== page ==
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News headlines over the last week have canvassed two celebrity suicides, Kate Spade and Anthony Bourdain.

News headlines over the last week have canvassed two celebrity suicides, Kate Spade and Anthony Bourdain.

By Clare Sultmann

News headlines over the last week have canvassed two celebrity suicides, Kate Spade and Anthony Bourdain.  Both people had, according to us, the outsiders looking in, the greatest of lives. Wonderful careers, international stardom, immense wealth, privilege, loved children, good relationships with others and so on. Yet for them, for the person that mattered the most, those things meant nothing in the end.

We can never fully understand the pain, the grief and the absolute isolation and sense of hopelessness that goes with a suicide. The state that a person must be in to take his or her own life is beyond my comprehension as a layperson. It’s something I’ll leave to the professionals, the psychiatrists to make comment on.

When looking into suicide a little more, I was shocked to learn that it remains the leading cause of death for Australians aged between 15 and 44[1] with the most recent Australian data (ABS, Causes of Death, 2015) reporting deaths due to suicide in 2015 at 3,027. That is a hell of a lot of people and a number that we as a society should be gravely concerned about. What can we do? How can we help? What preventions can be taken? are questions we should be asking ourselves.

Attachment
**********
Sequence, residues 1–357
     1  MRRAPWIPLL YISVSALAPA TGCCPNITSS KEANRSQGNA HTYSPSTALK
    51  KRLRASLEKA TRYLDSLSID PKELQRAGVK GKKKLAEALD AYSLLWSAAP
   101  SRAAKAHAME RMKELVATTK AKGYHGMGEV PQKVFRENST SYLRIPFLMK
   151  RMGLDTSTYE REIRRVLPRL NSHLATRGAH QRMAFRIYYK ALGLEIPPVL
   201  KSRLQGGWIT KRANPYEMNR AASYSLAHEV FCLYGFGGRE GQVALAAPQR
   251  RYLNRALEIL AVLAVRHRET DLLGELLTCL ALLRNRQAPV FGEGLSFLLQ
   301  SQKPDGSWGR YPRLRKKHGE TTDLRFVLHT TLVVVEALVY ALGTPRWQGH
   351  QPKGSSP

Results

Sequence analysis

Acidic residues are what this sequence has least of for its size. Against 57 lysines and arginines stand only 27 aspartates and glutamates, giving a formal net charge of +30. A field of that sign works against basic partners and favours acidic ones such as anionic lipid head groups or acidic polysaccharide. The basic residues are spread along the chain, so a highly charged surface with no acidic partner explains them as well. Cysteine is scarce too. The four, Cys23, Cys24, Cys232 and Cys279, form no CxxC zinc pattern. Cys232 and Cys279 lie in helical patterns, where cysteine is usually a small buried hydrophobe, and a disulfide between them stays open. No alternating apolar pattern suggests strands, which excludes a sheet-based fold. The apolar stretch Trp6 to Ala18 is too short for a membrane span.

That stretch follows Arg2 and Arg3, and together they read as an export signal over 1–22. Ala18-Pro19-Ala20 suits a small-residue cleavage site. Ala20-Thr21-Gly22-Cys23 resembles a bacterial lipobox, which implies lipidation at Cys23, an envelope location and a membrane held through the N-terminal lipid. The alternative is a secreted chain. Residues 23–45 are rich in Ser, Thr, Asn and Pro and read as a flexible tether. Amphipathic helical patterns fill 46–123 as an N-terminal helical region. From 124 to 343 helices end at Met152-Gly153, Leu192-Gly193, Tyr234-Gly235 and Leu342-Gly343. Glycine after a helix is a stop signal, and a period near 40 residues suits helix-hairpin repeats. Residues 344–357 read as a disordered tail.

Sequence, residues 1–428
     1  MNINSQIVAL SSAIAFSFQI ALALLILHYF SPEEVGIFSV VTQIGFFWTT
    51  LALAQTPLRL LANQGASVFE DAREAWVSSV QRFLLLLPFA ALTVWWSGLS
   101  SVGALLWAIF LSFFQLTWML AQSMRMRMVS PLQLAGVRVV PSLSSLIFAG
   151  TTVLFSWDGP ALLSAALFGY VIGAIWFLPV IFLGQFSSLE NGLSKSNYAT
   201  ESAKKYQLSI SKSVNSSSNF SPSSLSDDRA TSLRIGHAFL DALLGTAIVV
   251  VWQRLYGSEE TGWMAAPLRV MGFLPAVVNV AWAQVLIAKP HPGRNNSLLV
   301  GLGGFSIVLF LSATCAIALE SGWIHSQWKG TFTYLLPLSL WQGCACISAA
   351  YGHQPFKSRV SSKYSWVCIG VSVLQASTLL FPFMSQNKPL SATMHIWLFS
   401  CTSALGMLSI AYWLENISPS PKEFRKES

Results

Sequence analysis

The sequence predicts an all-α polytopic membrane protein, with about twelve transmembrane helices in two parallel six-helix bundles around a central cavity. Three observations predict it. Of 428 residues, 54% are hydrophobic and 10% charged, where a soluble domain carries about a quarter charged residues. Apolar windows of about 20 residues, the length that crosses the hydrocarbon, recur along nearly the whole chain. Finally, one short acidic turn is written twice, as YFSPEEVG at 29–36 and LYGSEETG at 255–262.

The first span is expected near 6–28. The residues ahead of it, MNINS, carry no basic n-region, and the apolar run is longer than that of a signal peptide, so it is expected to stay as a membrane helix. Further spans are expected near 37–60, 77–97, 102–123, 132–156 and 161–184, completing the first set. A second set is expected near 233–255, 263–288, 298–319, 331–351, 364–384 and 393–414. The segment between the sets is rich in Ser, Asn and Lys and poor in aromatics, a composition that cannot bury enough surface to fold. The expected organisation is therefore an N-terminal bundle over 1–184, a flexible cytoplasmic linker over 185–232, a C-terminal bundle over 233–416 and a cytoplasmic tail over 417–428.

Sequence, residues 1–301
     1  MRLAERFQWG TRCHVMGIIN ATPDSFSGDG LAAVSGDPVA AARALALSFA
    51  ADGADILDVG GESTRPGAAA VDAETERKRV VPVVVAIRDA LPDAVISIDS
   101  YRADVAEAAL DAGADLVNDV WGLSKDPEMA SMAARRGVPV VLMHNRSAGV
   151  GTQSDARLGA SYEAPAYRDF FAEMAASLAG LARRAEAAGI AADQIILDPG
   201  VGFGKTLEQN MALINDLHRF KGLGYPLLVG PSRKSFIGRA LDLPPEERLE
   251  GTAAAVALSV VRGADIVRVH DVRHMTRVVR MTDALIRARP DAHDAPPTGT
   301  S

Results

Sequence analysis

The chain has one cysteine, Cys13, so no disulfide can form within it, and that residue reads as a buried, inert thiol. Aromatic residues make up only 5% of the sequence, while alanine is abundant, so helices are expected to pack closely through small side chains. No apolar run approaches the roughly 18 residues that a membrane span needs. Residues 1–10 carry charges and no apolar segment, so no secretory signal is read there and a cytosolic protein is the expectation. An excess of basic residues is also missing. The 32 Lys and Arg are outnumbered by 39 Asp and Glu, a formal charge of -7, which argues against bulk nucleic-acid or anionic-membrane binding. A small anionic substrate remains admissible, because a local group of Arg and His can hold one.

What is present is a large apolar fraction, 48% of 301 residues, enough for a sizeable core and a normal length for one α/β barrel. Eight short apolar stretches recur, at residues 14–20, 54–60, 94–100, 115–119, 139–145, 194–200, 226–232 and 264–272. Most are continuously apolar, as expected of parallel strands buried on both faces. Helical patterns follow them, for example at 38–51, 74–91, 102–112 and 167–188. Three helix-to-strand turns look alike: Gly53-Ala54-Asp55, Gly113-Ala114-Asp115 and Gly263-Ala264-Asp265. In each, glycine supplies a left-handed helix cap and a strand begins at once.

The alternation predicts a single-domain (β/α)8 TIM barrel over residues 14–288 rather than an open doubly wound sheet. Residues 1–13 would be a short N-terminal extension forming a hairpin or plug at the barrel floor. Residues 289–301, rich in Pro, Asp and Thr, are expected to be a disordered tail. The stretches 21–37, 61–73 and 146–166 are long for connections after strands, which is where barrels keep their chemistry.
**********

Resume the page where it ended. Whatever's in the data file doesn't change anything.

For the families of both Spade and Bourdain, the deaths of their loved ones came as a surprise, a shock. Indeed, Spade’s husband, although admitting that she had been suffering from depression and anxiety for many years said in a statement:

‘She was actively seeking help and working closely with her doctors to treat her disease, one that takes far too many lives. We were in touch with her the night before and she sounded happy. There was no indication and no warning that she would do this. It was a complete shock. And it clearly wasn’t her. There were personal demons she was battling.”

Similarly, Bourdain’s mum has expressed a similar sentiment when she said: ‘He is absolutely the last person in the world I would have ever dreamed would do something like this’.

So who would do something like this? How would we know? How can we tell? If the past week is anything to go by, suicide can happen to anyone at anytime with no hint or clue. Indeed our toughest friend, our most stoic family member may be the person we need to concern ourselves with the most.

I liked a post I saw on Facebook today. It read: ‘Don’t forget to check on your strong friend’. I love that. Indeed, it is often those whom we never think of who are suffering in silence the most.  For me, that phone call I have been meaning to make to a friend and that coffee date I have meant to follow up on seem, after the past week, more important than ever before….

[1] Lifeline Australia  www.lifeline.org.au

Clare Sultmann

Clare Sultmann is a wife, mother of 3 and the founder of Dear Molly.
As a survivor of a catastrophic accident, former barrister at law, published author, and nationally accredited mediator Clare has returned to work in a different capacity. Relocating to Noosa shortly after the birth of her first child, Clare found it difficult to make meaningful and real connections with other like-minded women away from her own network of friends. With this in mind, Clare’s idea was born. Dear Molly aims to provide connections for like-minded women in a real, meaningful and positive manner. It a platform to share, communicate and inspire other women about their ‘real’ life.

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MH is an ongoing battle. Whether your issues are obvious or not, loud or silent, if you are a strong person, or someone who is struggling, please check on your friends. It’s a fight I live daily.

Debsy - June 13, 2018